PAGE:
We once again see the importance of reversible processes, because, if we would apply a reversible isotherm expansion (heat must be applied to compensate for mechanical work done by the an other system), between the same thermodynamic end coordinates, the calculated increase of entropy becomes chaos. As the end coordinates are the same as those of the equivalent free expansion of consideration, the latter must have had the same increase of entropy! We see, that even when the internal energy of a system doesn't change, yet the entropy can change. The opposite is also true, when considering adiabatic (isentrope) changes of condition. The internal energy changes, but the entropy doesn't.

We can even go a step further by considering repeatedly polytrope compression and expansion of a gas between two temperatures. These are processes between adiabatic (isentrope) and isotherm. In the ideal case (no irreversibilities), it would be possible to compress and expand along the same (straight) curve in the TS-diagram. This means that during compression the same amount of heat is given off, as is absorbed during expansion - no drive power is needed to keep the sequences going! The system's change of entropy is the same negative during compression, as it is positive during expansion - the total change of entropy (system AND environment) is then zero. An according (hypothetical) device, with a hot and a cold spot, would in fact be a perpetual machine, that lets heat spontaneously flow from a colder to a warmer region!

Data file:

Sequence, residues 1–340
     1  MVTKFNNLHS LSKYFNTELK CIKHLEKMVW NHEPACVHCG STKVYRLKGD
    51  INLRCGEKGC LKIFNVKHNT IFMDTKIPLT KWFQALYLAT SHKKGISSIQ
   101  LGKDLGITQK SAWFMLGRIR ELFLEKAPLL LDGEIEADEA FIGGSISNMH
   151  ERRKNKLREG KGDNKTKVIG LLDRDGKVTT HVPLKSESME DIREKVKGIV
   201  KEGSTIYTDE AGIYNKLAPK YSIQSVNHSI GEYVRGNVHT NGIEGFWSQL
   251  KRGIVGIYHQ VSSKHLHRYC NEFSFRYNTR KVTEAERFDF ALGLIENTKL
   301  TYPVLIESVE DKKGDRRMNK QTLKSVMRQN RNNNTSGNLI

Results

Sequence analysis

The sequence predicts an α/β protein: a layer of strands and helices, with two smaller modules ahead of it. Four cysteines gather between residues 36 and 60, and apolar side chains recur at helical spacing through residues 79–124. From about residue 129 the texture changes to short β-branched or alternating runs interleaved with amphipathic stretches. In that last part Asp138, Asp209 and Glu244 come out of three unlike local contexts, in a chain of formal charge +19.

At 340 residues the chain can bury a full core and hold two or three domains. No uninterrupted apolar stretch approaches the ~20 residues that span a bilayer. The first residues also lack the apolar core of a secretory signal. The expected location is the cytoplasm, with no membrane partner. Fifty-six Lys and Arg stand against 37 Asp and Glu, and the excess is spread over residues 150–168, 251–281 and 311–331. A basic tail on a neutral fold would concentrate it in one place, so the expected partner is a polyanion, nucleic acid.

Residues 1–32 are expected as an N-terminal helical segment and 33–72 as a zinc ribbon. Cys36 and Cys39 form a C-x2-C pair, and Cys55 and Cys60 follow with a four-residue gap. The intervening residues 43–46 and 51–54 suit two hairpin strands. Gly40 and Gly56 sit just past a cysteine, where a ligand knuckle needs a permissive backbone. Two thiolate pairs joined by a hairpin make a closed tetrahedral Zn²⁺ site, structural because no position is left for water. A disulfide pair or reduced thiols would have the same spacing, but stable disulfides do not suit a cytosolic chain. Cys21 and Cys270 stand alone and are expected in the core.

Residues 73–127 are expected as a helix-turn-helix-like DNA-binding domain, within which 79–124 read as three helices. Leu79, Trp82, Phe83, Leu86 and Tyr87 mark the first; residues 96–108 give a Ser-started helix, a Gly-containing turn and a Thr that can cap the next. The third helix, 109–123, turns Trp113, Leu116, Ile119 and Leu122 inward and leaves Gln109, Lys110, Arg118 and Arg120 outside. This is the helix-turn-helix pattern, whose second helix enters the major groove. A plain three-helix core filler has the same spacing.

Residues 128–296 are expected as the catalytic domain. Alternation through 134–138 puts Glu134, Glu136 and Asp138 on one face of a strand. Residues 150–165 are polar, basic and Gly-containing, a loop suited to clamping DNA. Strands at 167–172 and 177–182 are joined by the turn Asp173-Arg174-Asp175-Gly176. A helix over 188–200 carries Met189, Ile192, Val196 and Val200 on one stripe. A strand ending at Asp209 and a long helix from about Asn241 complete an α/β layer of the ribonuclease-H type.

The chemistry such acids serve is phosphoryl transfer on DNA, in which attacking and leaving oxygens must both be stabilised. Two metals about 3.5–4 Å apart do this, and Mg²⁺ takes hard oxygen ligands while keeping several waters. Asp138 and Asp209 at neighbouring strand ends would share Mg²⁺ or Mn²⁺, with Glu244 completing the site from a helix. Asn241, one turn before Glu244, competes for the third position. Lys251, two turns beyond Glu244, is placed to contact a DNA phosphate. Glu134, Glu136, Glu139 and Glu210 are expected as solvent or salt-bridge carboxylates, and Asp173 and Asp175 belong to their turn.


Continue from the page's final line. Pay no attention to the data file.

Even though we cannot make such a machine in practice, it would be possible to build a machine (the COMPEX cycle machine , with a higher COP, than what the Carnot Rule allows. The Carnot Rule is NOT a physical limit, but hitherto a purely technological one only!


Considering free expansion, in what way differs the condition of the gas in the expanded state from the compressed state? The only difference is the increased freedom of the the gas molecules to move around at the same speed (unchanged kinetic energy) in the larger expanded volume .... which is increased disorder (lower probability to find a certain molecule in a certain location at a certain moment in time). Some oppose that the a.m. difference is a dispersion of (kinetic) energy in a larger volume, which thus in itself has nothing to do with disorder. They see this dispersion of energy as a thermodynamic change of state of the system. Sorry, but that is in comparison equal to saying that the health condition of a certain number of drunk persons would change, if they were brought from a smaller into a larger room, where they would have an increased freedom to "stumble" around.